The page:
Kohout & Spol 7.65mm Mars Pistol

The “MARS” pistols made in Czechoslovakia began with the “Slavia” line, designed by one Antonin Vilímec in 1920 or 1921. Those were basically simple copies of the vest-pocket Browning pistols, and were made until 1935. At that point the factory (shop?) was acquired by the Kohout & Spol company, which renamed them “Mars” and added a 7.65mm gun to the lineup. The 7.65mm was more a copy of the FN 1910, with its mainspring wrapped around the barrel. It is much like a Ruby in handling; heavy and inelegant, but functional. Production appears to have been about 3,800 between their introduction in 1937 and the end of production in 1947, with a gap from October 1942 until the end of World War Two. The company made pistol for the commercial market through 1942, but was shut down when it refused to produce guns for the German military.

Thanks to Ozark Machine Gun for loaning me this pistol! Check out his cool machine gun rental range in Missouri, and his sales on GunBroker.

17 Comments

  1. A brave factory owner there. I wonder how much of his machinery was stolen and how many of his workers were drafted by the Nazis, as well as how he fared after the Communist takeover. Compare his backbone to the leaders of FN, Radom, or any number of other European manufacturers @ the time.

    • You know that the nazi used forced labor and could use anything to force industries that seemed important for them to work ? We are speaking about a small workshop vs. a big factory- Or that the FN german occupation production was notoriously extremely ”defective” thanks to lots of sabotage acts in the FN production line like in many other nazi occuped industries

    • Mr backbencher, would you PLEASE acquire some knowledge PRIOR to going public with such remarks. The Radom factory was occupied and taken over by the Germans (appropriated by the German Reich on 4 December 1939), administered as part of the Steyr-Daimler-Puch company, and no one has any say on supplying to the Wehrmacht – the workforce was not hired, but assigned by the local German Arbeitsamt (all Poles older than 17 yo were obliged to be registered as workforce, and were assigned to work as befitted the Germans, while not reporting for work was a criminal offence and a sure way to Auschwitz). Radom pistol barrels were made in Austria, not Poland, to deny the underground a source of weaponry – but to no avail. In 1942, 150 Radom workers and their families were publicly hanged for smuggling pistols out to Polish underground, but still more pistols were stolen, so much so, that the Home Army was obliged to set up its own barrel shop to complete the pistols – how’s that for backbone, Mr backbencher?

  2. As the Ruby was a simplification of the Browning 1903 so this seems to be a simplification of the Browning 1910 — starting with no grip or magazine safety. I don’t remember if the 1910 had a separate ejector. Machining of the sights (at least the rear sight) out of the top of the slide looks to have been tricky but efficient. Beats the Ruby in simplicity as the trigger bar is one piece with the disconnector. Checkering of the slide’s nose-cap must have taken significant machine time. Better longevity than the Ruby as the sear won’t bend, leaving the internal hammer to interfere with removal of the slide. The strange narrowing of the grip toward the bottom makes me wonder if it points any near as well as a 1910. I look forward to comments or additional information from viewers with Czech expertise.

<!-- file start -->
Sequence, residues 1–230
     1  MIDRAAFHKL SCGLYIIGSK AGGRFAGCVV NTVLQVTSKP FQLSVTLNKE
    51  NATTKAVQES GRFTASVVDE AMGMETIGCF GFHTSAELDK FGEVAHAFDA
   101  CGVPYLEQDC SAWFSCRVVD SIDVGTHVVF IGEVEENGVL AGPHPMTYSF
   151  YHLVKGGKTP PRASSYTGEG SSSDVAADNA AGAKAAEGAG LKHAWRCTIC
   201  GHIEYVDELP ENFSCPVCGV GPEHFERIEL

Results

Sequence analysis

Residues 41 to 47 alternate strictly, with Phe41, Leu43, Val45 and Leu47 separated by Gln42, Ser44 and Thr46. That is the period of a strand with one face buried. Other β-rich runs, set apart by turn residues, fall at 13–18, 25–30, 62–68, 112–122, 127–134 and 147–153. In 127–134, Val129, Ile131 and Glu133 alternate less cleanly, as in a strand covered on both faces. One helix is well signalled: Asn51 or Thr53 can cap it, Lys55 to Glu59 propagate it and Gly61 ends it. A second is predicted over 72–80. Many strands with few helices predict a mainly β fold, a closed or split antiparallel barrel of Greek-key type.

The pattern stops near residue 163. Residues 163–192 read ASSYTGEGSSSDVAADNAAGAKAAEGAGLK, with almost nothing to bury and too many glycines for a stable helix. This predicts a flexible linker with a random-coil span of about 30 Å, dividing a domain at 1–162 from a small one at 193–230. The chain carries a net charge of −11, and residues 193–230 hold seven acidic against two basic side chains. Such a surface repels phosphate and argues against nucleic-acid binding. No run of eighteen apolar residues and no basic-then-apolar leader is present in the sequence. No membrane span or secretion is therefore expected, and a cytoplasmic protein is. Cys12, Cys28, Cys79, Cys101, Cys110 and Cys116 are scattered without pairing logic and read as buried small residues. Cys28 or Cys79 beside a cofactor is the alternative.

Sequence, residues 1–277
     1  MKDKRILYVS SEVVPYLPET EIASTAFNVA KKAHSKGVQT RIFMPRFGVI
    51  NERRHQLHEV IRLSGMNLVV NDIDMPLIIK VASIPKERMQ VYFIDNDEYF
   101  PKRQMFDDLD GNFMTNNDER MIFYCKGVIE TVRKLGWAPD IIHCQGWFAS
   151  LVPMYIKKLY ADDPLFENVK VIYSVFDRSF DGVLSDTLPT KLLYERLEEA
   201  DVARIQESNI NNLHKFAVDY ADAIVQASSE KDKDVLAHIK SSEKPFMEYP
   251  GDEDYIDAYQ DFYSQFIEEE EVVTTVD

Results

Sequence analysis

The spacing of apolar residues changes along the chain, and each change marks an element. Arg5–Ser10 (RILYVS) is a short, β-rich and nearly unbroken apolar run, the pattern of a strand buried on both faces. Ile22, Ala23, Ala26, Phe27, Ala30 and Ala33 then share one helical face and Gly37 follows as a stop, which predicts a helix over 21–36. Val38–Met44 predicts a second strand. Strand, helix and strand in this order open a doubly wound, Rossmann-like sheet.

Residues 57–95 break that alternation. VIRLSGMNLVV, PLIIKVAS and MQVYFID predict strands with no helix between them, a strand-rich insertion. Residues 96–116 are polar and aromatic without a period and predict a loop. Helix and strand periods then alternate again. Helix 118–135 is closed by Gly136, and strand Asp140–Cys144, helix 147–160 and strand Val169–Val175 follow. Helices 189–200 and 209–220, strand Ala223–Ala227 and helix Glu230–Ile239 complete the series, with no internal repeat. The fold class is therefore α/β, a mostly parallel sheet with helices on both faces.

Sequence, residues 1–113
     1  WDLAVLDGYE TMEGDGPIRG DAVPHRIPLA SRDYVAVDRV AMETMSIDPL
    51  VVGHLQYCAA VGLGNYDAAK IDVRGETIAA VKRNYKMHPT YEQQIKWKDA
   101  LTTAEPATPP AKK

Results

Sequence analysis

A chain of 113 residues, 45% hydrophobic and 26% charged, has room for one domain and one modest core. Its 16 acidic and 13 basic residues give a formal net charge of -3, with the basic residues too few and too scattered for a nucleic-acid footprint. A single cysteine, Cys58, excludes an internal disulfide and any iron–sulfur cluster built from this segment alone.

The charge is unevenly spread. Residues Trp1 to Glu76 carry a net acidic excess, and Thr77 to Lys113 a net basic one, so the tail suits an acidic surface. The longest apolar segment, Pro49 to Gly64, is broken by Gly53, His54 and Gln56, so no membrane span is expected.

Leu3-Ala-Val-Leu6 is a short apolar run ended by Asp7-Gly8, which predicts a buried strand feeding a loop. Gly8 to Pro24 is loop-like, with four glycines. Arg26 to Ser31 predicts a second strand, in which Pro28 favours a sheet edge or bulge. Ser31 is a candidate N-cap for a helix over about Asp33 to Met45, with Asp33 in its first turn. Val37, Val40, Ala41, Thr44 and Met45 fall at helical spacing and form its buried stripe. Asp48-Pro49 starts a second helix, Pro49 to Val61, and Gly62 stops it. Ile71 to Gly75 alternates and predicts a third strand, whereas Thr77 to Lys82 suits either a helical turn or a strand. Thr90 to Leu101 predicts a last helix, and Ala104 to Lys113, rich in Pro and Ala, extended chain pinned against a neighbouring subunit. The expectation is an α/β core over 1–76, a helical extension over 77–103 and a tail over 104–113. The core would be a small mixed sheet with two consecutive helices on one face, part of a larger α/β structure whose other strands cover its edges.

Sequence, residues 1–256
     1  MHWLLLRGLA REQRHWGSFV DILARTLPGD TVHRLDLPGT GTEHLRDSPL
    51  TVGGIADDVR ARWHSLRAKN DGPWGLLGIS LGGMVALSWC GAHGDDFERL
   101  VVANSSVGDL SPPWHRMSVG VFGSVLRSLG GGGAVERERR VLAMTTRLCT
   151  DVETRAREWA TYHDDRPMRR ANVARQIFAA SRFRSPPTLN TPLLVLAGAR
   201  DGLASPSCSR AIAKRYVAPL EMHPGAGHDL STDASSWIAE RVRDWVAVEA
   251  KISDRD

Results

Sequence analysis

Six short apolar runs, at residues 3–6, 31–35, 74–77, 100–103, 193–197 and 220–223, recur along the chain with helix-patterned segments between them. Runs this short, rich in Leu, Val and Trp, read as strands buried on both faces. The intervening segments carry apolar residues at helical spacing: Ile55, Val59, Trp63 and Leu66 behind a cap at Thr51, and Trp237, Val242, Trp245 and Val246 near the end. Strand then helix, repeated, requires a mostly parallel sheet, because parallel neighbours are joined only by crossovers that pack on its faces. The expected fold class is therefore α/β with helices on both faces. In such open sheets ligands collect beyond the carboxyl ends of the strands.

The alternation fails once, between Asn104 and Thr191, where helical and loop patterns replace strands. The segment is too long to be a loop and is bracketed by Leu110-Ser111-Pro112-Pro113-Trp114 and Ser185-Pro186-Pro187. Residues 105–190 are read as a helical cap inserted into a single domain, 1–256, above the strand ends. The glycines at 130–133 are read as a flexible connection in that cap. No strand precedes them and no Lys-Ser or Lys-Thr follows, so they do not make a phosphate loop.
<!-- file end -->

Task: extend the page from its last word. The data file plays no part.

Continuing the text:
• May be allready known but as a rememberance, FN models from 1906 to 1922 have no separate ejector… Spring forced firing pin tip works for İt, instead… Single piece trigger bar with disconnector lug, by the fact of moving back and forth, could not catch the disconnecting point as fast as separate samples giving more unsupported play for cartridge case for battery off loading situations…

      IMHO… Hammer pistols, having both strike and searage connections in the same plane, should be more favorable for makers with simplier machining and control units, than the striker versions with strike and searage parts at separate partitions ( slide and frame)… Through that fact, this striker pistol, should be started to manufacture to produce more bigger amount than this realized small quantity…

      • Just to clarify — I have heard of any number of both .25 and .32 internal-hammer Rubys, of a certain age, whose slides could not be taken down without strenuous removal of the mainspring pin. This condition results from the sear bending over time so that the hammer does not cock below the level of the frame. Result: Light strikes from insufficient cocking, and the hammer prevents the slide from being taken forward off the frame. Very hard to maintain such guns, especially with corrosive ammunition. When the Nazis took over the Unique factory in WWII, they redesigned that French Ruby equivalent with an external hammer, and the French wisely retained this feature when they recovered the factory. The model became known as the Rr51. Don’t know if this problem affected the 1903 Brownings and Colts, presumably made of better steel. All I am saying is that in this case, a striker was a better proposition for durability.

        • Very informative… Thanks… What I would like to mention, striker firing was cost saving and practical for the manufacturers having machines giving optimum tolerances under optimum control… They can make hammer pistols with same capability but with more cost… Little manufacturers would have poor tolerance machines and can not retain the needed control to obtain the optimum connections between striker which located in the slide and sear which located in the frame… lf Rubies were of striker fired, they would not even be cocked and if cocked would give auto firing or firing without pulling the trigger… IMHO…

  3. Hello, fine community of Forgotten Weapons.